Philippine Mandarin (simplified Chinese: 菲律宾华语; traditional Chinese: 菲律賓華語; pinyin: Fēilǜbīn Huáyǔ) is a variety of Mandarin Chinese widely spoken by Chinese Filipinos. It is based on the phonology of the Beijing dialect and the grammar of Vernacular Chinese, and is identical to the standard of Mandarin used in Taiwan that is called "Guoyu" (國語). In terms of phonology, vocabulary and grammar, Standard Philippine Mandarin is similar to "Guoyu"(Standard Chinese in the Republic of China (Taiwan)) because almost all uses dictionaries and books from Taiwan. Many Chinese Filipino schools uses bopomofo (zhuyin fuhao) to teach the language. Philippine Mandarin uses the Traditional Chinese characters in writing and it is seen in the newspapers. Philippine Mandarin can be classified into two distinct Mandarin dialects: Standard Mandarin and Colloquial Mandarin. These two dialects are easily distinguishable to a person proficient in Mandarin. Standard Mandarin is like the standard language of Taiwan, while Colloquial Mandarin tends to combine Mandarin (simplified Chinese: 华语; traditional Chinese: 華語) and Min Nan Yu (閩南語) or Southern Hokkien Language.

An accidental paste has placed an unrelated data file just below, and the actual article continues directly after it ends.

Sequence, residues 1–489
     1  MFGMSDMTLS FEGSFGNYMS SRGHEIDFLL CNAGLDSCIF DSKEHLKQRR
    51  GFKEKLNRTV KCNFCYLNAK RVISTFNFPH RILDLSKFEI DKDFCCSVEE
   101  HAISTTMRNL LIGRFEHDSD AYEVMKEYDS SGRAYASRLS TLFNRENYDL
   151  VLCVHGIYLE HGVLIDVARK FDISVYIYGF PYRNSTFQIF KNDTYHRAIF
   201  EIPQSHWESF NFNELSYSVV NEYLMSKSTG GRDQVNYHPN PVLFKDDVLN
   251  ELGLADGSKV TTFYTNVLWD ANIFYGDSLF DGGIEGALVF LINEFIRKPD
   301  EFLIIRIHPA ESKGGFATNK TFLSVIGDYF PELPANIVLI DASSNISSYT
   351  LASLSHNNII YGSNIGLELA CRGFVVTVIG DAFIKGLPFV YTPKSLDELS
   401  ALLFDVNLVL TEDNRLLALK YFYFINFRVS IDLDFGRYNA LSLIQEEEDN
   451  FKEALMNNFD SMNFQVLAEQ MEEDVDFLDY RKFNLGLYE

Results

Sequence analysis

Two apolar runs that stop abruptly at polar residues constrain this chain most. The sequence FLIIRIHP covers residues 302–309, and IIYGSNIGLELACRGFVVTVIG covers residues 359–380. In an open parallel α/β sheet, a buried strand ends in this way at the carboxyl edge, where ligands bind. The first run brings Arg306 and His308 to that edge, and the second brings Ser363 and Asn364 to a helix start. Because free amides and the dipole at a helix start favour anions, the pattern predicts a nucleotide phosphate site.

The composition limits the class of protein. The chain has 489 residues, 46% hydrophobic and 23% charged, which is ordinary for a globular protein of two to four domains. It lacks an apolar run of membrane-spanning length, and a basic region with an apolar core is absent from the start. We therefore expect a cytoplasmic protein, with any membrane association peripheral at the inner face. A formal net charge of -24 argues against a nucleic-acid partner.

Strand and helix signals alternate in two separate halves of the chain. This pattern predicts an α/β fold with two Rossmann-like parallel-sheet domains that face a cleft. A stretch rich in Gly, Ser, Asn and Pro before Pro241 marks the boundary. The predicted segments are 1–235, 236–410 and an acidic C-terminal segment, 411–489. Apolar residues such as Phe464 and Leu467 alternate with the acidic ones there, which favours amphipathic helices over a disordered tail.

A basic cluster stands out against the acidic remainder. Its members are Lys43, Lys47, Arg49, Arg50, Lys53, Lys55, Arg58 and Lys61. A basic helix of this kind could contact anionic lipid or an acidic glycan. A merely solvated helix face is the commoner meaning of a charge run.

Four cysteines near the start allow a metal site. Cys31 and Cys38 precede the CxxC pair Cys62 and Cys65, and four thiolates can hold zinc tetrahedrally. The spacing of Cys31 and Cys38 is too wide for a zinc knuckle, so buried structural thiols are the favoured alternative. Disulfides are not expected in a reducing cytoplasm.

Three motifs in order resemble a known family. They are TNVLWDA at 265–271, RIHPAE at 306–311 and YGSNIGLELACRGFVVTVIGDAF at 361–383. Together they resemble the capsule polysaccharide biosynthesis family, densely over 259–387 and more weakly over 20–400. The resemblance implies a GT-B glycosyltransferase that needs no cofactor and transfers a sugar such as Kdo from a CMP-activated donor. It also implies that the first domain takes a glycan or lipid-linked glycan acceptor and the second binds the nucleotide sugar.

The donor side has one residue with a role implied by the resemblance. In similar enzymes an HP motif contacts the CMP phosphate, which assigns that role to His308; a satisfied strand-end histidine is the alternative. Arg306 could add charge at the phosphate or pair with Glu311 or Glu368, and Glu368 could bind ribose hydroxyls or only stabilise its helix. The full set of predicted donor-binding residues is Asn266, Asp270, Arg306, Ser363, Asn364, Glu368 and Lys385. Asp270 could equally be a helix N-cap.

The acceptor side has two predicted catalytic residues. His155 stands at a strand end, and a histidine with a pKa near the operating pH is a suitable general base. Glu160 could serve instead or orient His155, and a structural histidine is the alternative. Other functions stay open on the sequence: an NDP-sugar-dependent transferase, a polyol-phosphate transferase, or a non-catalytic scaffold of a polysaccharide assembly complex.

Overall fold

Phonology differences 
Minor differences occur between the tonal phonology of Standard Philippine Mandarin and other forms of Standard Mandarin.
||Take a rest
||The character 息 is pronounced with the 2nd tone in Standard Philippine Mandarin and it is Similar with both Standard Singaporean Mandarin, and Taiwan. In Mainland China, 息 is pronounced as a light (neutral) tone (simplified Chinese: 轻声; traditional Chinese: 輕聲; pinyin: qīng shēng) instead.
||The pronunciation for 垃圾 is the same in Philippines and Taiwan. It has maintained the older pronunciation before 1949, which was influenced by the Wu dialect.
||The pronunciation for 角色 is the same in Philippines and Taiwan. It has maintained the older pronunciation jiǎosè before 1949. However, both juésè and jiǎosè can be interchangeably used in the Chinese-speaking world.
||The pronunciation for 包括 is the same in Philippines and Taiwan. It is the older pronunciation of "kuā" for 括 before 1949 continued to be used, alongside the modern pronunciation of "kuò".
See also